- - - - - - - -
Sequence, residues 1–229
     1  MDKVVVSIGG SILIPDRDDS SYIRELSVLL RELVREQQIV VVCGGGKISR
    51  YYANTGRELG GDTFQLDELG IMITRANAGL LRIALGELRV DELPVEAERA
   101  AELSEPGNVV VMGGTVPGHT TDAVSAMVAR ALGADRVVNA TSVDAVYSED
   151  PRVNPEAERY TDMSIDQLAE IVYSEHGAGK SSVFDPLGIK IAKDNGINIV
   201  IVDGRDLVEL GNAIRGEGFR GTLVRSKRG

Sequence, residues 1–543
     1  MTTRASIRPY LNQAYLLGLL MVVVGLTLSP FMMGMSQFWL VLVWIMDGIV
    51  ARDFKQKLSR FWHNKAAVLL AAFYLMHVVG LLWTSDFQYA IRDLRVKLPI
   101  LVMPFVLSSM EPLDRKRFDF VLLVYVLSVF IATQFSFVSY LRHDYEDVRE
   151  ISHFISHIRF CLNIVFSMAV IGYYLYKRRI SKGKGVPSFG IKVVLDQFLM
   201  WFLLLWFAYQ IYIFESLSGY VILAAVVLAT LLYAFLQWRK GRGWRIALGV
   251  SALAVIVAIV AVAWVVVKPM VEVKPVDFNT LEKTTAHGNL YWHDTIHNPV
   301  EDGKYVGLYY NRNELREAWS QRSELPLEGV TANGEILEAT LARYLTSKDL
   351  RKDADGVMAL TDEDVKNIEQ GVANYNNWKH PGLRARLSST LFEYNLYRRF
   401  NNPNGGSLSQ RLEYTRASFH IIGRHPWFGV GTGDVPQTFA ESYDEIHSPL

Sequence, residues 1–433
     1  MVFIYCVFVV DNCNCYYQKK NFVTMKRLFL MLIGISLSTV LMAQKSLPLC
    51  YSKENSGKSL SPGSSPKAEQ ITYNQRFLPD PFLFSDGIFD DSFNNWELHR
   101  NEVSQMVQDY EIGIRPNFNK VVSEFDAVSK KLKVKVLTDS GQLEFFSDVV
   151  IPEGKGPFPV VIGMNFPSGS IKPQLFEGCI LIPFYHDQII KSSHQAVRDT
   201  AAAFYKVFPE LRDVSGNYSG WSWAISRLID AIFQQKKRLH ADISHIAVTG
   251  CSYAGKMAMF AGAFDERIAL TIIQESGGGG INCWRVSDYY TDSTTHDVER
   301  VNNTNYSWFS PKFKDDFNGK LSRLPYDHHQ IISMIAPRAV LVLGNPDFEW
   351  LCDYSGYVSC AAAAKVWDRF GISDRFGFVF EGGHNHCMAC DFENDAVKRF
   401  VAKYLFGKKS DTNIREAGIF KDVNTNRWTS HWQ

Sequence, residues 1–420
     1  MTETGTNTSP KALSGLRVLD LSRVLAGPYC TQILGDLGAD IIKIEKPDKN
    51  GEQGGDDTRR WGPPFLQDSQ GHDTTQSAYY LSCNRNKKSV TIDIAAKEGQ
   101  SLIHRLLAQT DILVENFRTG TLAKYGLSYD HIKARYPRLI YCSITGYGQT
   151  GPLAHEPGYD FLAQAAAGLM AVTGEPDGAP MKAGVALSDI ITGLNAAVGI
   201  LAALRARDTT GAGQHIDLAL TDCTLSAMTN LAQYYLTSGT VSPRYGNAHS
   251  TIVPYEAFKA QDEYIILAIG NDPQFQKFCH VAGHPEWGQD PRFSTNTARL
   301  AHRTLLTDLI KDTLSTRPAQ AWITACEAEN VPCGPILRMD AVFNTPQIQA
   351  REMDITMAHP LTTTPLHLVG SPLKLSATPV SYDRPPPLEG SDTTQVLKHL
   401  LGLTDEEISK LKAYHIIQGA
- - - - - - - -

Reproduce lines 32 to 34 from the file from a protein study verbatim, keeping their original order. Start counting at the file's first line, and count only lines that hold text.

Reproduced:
   201  LAALRARDTT GAGQHIDLAL TDCTLSAMTN LAQYYLTSGT VSPRYGNAHS
   251  TIVPYEAFKA QDEYIILAIG NDPQFQKFCH VAGHPEWGQD PRFSTNTARL
   301  AHRTLLTDLI KDTLSTRPAQ AWITACEAEN VPCGPILRMD AVFNTPQIQA